The Earth Seen From Apollo 17

A new report by the UN has found that the window of opportunity to curb the potentially catastrophic effects of climate change is closing fast.

The Intergovernmental Panel on Climate Change Fifth Assessment Report was launched in Copenhagen in Denmark on Sunday, November 2.

Speaking at the launch, UN Secretary-General Ban Ki-moon warned that countries could no longer afford to take a “business as usual” approach to climate change.

The UN chief has called the report the “most comprehensive assessment of climate change ever carried out”. It predicts that the Earth’s surface temperature will rise during the 21st century under “all assessed scenarios”.

In the approved summary for policymakers, the panel says “heat waves will occur more often and last longer, and that extreme precipitation events will become more intense and frequent in many regions”.

The panel’s also warned that existing risks will be amplified, and the new risks will emerge for natural and human systems. The risks, the experts have predicted, will be “unevenly distributed”.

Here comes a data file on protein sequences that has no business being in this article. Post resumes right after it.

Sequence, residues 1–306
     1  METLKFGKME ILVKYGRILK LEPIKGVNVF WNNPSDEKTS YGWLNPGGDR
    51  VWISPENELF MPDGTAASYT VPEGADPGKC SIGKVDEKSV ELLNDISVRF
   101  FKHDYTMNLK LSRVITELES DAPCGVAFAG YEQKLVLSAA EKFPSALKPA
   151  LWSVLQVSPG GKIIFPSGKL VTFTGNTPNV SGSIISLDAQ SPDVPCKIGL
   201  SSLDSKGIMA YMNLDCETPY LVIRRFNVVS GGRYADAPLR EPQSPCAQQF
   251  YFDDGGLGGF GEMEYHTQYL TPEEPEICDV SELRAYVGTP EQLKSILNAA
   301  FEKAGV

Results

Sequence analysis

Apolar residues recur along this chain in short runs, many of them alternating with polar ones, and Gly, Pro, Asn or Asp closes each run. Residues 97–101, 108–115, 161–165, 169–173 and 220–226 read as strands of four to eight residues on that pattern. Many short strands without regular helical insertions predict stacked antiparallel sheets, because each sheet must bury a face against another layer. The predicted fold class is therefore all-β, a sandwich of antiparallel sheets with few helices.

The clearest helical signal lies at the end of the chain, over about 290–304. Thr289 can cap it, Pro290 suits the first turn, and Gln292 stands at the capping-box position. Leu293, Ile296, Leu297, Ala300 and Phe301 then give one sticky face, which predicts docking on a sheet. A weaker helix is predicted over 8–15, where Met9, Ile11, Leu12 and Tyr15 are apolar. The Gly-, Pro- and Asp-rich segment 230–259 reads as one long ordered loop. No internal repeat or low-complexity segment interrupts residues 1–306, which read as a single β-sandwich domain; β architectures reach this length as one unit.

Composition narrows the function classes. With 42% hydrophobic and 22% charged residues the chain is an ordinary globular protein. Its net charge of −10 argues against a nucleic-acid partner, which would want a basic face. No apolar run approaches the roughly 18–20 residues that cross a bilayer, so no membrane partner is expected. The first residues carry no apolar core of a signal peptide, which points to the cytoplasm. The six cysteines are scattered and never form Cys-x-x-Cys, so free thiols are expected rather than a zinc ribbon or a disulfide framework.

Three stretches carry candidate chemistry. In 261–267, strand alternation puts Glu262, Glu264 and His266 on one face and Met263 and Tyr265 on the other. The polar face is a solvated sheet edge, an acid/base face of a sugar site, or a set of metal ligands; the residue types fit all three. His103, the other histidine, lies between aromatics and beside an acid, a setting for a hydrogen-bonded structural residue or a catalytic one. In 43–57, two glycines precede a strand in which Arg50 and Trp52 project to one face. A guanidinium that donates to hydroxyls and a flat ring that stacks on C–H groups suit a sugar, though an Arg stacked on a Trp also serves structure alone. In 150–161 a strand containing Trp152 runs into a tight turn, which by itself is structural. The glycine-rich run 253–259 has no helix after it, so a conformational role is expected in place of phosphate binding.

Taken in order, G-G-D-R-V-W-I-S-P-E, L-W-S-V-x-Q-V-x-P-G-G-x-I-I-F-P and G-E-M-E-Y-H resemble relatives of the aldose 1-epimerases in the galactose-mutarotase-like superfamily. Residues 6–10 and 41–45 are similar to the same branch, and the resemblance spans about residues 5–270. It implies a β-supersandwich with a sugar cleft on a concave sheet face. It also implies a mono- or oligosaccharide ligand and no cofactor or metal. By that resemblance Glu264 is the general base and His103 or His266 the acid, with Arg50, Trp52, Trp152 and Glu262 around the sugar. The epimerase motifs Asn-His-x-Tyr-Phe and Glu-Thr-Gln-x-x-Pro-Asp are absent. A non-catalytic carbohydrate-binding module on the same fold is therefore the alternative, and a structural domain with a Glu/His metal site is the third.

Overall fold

“The report found that the world is largely very ill-prepared for the risks of a changing climate, especially the poor and most vulnerable who have contributed least to this problem,” Ban said in his statement to the media.

He said it is also unfortunate that too many governments still believe that taking action to mitigate the effects of climate change will cost too much.

“There is a myth which is shared unscientifically and uneconomically that climate action will cost heavily, but I am telling you that inaction will cost much, much more. Climate action and economic growth are two sides of just one coin,” he said.

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This graphic in the IPCC report illustrates the effects that emissions will have on marine life. Image courtesy of IPCC Fifth Assessment Report

In South Africa, meanwhile, the Department of Environmental Affairs has announced that it will hold workshops with the media on the latest report and its implications for the country.

South Africa still produces around 77% of its energy from burning coal.

Environmental watchdog Greenpeace, meanwhile, says from a scientific standpoint, it’s clear what needs to be done, and governments need to act.

“Governments need to pay attention and phase out coal and oil now or end up doing it later at a much higher cost. However, those who seize the potential of renewable energy will leap ahead to a sustainable future,” says Greenpeace’s head of international climate politics, Martin Kaiser.